1134397 Clarens/1133849 Peters Geologic carbon sequestration (GCS) is likely to play an important role in near-term efforts to provide carbon-neutral energy even though it has not yet been definitively demonstrated that CO2 injected into deep geologic formations will stay in place. This project assembles an interdisciplinary partnership to study the conditions that drive or inhibit leakage of CO2 through formation caprocks and the buoyancy-driven transport of CO2 through both caprocks and porous media. This integrated and multidisciplinary effort will generate experimental data to bridge the gap between bench-scale work on geochemical reactions and kilometer-scale simulations of GCS in the real world. Central to the proposed multiscale study are two novel high-pressure experimental test beds: a core-scale (cm-scale) vessel to study reaction and flow in caprock specimens (at Princeton), and a large-scale (6 m) pressurized column in which vertical flow of CO2 will be observed in sedimentary media (at the University of Virginia (UVA)). This approach will integrate experimental observation with two key tools for observation and inference: (1) a suite of lab- and synchrotron-based imaging methods to elucidate and quantify mineral reactions and alterations in pores/fractures (at Brookhaven National Lab (BNL)), and (2) reactive transport modeling to infer reaction rates, build predictive capacity, and conduct numerical experiments. The work is targeted to provide new insight critical to understanding the processes that will ultimately determine the viability of GCS. These processes are poorly understood because it is challenging to study reactions and two-phase flow in an integrated way, under high-pressure conditions, over realistic length scales. Reactions in heterogeneous media are best observed at small spatial scales (nm to μm), while flow is best observed over large scales (m to km). This project will elucidate the interrelation of these processes and provide answers to many of the persistent questions in the field such as: What are the conditions that lead to erosion or self-sealing of caprock flow paths? How do geochemical alterations of mineral surfaces alter CO2 flow? Will long-range buoyant CO2 flow be accelerated or decelerated by complexities in capillarity, viscosity, solubility, and Joule-Thomson cooling? These questions cannot be answered effectively by any single discipline. The project interdisciplinary team combines the expertise of an environmental engineer and expert in high-pressure fluid phase behavior (AFC), a geoenvironmental engineer with over a decade of experience in GCS research (CAP) and a geochemist with over 15 years of experience in advanced x-ray imaging techniques (JPF). This research will achieve broader impacts by identifying critical factors that determine the safe and effective sequestration of CO2 in deep geological reservoirs. The work will provide critical inputs to the effort of the United States to achieve the 2010 Presidential directive of overcoming the barriers to the widespread deployment of CCS within ten years. Furthermore, the experimental test beds constitute an investment in long-term study of CO2 flow and reaction in porous and fractured media. Lessons learned from these experiments can be applied to the design of larger facilities currently under development. The research also represents an effort to introduce global environmental change and carbon-neutral energy into the curricula at UVa and Princeton, and to use Brookhaven?s InSync outreach program to enable high school students to have remote access to experimental time at a synchrotron-based x-ray imaging facility.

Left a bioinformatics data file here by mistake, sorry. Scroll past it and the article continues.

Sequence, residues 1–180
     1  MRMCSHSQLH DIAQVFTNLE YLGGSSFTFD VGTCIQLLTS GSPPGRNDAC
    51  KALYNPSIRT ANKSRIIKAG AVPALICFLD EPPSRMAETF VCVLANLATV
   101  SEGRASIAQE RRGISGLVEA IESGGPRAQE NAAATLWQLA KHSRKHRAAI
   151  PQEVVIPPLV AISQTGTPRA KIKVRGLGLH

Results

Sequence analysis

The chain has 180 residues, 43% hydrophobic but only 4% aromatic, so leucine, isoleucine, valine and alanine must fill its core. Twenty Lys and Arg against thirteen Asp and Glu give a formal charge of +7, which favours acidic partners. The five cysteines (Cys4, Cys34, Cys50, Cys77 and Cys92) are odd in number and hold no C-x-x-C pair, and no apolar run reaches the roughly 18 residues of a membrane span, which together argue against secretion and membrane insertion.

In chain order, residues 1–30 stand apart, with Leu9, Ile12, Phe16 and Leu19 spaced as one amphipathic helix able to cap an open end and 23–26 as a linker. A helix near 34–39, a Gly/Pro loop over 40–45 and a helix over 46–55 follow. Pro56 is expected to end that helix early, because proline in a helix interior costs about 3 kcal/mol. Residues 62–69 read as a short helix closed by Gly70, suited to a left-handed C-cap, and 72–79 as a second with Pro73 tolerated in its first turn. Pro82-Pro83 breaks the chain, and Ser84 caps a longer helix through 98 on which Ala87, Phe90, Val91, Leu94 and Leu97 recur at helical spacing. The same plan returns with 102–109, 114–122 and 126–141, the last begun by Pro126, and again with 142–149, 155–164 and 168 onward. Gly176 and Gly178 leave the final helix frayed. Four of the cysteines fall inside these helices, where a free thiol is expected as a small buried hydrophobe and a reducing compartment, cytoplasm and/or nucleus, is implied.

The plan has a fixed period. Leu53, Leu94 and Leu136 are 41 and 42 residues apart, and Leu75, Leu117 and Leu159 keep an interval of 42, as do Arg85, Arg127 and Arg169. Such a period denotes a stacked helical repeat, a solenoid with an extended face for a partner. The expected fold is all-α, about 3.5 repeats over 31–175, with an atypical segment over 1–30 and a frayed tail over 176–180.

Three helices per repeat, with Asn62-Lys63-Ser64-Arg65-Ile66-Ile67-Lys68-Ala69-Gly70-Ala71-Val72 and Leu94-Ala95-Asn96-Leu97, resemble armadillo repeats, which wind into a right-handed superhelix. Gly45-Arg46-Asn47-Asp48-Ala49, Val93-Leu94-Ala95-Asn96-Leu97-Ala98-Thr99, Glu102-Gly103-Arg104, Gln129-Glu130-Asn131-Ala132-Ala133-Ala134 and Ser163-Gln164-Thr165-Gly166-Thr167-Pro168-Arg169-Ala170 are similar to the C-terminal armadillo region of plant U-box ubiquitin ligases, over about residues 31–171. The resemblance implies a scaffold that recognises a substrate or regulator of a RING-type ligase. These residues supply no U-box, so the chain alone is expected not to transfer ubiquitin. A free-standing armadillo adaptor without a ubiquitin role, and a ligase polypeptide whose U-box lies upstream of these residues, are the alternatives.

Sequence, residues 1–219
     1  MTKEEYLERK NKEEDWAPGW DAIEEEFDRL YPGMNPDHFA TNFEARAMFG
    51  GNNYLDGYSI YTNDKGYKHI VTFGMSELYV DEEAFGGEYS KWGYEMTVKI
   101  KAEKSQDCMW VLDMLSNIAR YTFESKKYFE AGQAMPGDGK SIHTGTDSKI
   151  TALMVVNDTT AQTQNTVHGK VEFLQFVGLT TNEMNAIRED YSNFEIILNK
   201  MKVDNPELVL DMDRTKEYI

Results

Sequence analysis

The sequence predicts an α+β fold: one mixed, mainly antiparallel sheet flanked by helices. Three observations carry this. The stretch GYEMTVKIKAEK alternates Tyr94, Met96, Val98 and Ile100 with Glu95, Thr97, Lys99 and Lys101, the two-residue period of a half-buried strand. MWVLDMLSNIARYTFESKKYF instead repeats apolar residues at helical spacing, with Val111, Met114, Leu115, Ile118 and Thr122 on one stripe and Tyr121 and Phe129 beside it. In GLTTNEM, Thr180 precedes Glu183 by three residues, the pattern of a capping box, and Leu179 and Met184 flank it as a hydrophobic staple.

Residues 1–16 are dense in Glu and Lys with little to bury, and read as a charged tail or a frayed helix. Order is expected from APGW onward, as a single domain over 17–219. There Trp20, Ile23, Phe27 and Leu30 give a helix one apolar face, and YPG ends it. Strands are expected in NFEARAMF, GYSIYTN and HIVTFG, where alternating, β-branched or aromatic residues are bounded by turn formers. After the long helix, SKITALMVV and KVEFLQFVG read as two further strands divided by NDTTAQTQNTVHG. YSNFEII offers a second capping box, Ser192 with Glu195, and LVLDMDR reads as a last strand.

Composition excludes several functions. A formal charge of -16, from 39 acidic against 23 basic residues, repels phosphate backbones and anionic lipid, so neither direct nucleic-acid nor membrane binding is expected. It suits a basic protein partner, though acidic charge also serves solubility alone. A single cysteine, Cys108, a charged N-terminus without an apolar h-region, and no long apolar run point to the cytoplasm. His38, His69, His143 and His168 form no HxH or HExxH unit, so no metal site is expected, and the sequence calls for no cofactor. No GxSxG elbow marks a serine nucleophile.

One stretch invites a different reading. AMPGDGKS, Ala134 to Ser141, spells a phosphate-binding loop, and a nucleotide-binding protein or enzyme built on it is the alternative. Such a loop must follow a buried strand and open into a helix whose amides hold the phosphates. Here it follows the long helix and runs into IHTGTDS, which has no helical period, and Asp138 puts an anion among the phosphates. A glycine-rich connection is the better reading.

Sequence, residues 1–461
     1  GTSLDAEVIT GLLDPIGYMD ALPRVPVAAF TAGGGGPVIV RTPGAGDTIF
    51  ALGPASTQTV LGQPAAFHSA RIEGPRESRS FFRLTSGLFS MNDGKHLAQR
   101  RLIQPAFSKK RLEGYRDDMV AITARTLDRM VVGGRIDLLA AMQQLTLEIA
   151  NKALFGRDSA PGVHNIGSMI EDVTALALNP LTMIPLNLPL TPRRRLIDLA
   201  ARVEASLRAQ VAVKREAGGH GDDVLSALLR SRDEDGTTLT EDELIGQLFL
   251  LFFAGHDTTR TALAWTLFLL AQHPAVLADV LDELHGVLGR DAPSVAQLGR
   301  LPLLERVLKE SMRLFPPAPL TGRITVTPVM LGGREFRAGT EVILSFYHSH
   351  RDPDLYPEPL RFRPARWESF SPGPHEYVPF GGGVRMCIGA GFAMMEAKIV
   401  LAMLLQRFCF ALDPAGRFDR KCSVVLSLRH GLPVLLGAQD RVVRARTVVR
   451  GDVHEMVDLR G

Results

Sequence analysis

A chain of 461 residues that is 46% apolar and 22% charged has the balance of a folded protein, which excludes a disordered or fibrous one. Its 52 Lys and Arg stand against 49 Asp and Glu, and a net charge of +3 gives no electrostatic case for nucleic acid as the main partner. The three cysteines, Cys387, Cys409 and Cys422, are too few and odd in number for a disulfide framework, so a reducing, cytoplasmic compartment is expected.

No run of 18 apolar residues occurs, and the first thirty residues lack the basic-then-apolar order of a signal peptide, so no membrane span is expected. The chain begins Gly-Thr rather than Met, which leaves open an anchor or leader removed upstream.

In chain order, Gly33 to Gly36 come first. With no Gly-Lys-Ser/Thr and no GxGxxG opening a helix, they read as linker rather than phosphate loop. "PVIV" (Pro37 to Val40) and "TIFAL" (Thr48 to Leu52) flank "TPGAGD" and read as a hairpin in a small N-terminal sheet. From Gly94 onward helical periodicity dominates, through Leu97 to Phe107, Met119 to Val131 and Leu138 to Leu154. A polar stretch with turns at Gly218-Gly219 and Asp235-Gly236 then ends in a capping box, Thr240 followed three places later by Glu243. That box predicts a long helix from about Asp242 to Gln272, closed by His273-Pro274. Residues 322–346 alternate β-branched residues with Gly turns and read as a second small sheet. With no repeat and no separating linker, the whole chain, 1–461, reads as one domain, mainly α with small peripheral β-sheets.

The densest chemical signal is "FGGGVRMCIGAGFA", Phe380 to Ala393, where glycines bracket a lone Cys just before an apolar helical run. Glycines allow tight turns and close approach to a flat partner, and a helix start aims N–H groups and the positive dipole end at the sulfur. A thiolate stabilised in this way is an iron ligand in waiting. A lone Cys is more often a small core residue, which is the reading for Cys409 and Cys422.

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University of Virginia
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